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Emanuele Zeppieri


Number::AnyBase - Converts decimals to and from any alphabet of any size (for shortening IDs, URLs etc.)


version 1.50001


    use strict;
    use warnings;
    use Number::AnyBase;
    # 62 symbols alphabet
    my @alphabet = (0..9, 'A'..'Z', 'a'..'z');
    my $conv = Number::AnyBase->new(\@alphabet);
    my $base62_num = $conv->to_base(123456);     # W7E
    my $dec_num    = $conv->to_dec($base62_num); # back to 123456
    use feature 'say';
    # URI unreserved characters alphabet
    my $uri_conv = Number::AnyBase->new_urisafe;
    say $uri_conv->to_base(1234567890); # ~2Bn4
    say $uri_conv->to_dec( '~2Bn4' );   # 1234567890
    # ASCII printable characters alphabet
    my $ascii_conv = Number::AnyBase->new_ascii;
    say $ascii_conv->to_base(199_000_000_000); # >Z8X<8
    say $ascii_conv->to_dec( '>Z8X<8' );       # 199000000000
    # Hexadecimal base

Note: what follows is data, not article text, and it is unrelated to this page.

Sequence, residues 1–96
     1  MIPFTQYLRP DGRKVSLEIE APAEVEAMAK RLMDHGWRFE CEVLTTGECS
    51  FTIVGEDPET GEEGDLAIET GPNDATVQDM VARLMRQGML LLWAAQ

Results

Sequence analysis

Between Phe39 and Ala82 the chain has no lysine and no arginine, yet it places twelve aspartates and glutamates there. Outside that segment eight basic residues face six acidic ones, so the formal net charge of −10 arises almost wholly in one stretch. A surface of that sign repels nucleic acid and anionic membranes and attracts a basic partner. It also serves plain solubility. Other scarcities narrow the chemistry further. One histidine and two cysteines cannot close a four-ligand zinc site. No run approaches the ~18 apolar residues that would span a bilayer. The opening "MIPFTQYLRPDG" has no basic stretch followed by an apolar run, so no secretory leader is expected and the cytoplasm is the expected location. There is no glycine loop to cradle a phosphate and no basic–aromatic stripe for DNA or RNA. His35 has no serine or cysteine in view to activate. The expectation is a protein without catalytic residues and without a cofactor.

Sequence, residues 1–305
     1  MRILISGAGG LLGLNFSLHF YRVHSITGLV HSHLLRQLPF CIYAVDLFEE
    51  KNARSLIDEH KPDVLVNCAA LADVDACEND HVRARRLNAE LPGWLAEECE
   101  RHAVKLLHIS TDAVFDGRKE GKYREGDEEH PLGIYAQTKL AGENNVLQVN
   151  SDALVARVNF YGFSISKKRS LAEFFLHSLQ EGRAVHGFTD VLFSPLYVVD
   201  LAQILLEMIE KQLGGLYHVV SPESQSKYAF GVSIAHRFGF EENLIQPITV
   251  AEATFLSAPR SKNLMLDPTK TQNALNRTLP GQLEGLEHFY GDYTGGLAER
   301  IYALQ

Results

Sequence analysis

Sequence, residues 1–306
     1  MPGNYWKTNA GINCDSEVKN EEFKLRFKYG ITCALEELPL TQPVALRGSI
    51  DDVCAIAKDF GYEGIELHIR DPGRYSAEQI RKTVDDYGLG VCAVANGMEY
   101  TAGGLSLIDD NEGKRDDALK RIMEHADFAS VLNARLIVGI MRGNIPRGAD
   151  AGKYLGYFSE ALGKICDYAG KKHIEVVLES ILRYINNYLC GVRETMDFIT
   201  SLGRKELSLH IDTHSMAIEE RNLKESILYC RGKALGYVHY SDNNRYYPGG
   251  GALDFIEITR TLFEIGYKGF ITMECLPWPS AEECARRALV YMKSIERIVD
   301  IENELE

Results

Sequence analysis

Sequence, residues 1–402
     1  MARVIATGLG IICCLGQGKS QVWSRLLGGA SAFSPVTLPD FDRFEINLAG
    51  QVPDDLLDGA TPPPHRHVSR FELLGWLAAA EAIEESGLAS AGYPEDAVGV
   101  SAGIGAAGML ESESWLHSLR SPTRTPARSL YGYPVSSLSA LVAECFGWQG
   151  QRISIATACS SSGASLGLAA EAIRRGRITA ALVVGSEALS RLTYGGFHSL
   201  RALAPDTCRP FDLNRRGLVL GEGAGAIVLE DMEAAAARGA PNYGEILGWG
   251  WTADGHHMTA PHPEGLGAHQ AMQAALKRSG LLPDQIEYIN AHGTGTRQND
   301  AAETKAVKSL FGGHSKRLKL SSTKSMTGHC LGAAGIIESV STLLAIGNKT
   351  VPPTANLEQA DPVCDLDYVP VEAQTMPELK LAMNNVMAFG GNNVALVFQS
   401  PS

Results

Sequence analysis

my $hex_conv = Number::AnyBase->new( 0..9, 'A'..'F' );
    say $hex_conv->to_base(2047);   # 7FF
    say $hex_conv->to_dec( '7FF' ); # 2047
    # Morse-like alphabet :-)
    my $morse_conv = Number::AnyBase->new( '_.' );
    say $morse_conv->to_base(99);         # ..___..
    say $morse_conv->to_dec( '..___..' ); # 99
        # Unicode alphabet (webdings font);
        use utf8;
        binmode STDOUT, ':utf8';
        my $webdings_conv = Number::AnyBase->new(
        say $webdings_conv->to_base(1000000000); # ☺⚢♬♬⚥⛦
        say $webdings_conv->to_dec( '☺⚢♬♬⚥⛦' ); # 1000000000
    # Fast native unary increment/decrement
    my $sequence = Number::AnyBase->fastnew(['A'..'Z']);
    say $sequence->next('ZZZ');  # BAAA
    say $sequence->prev('BAAA'); # ZZZ


First the intended usage scenario: this module has been conceived to shorten ids, URLs etc., like the URL shortening services do (then it can be extended to some other mildly interesting uses: please see the "COOKBOOK" section below).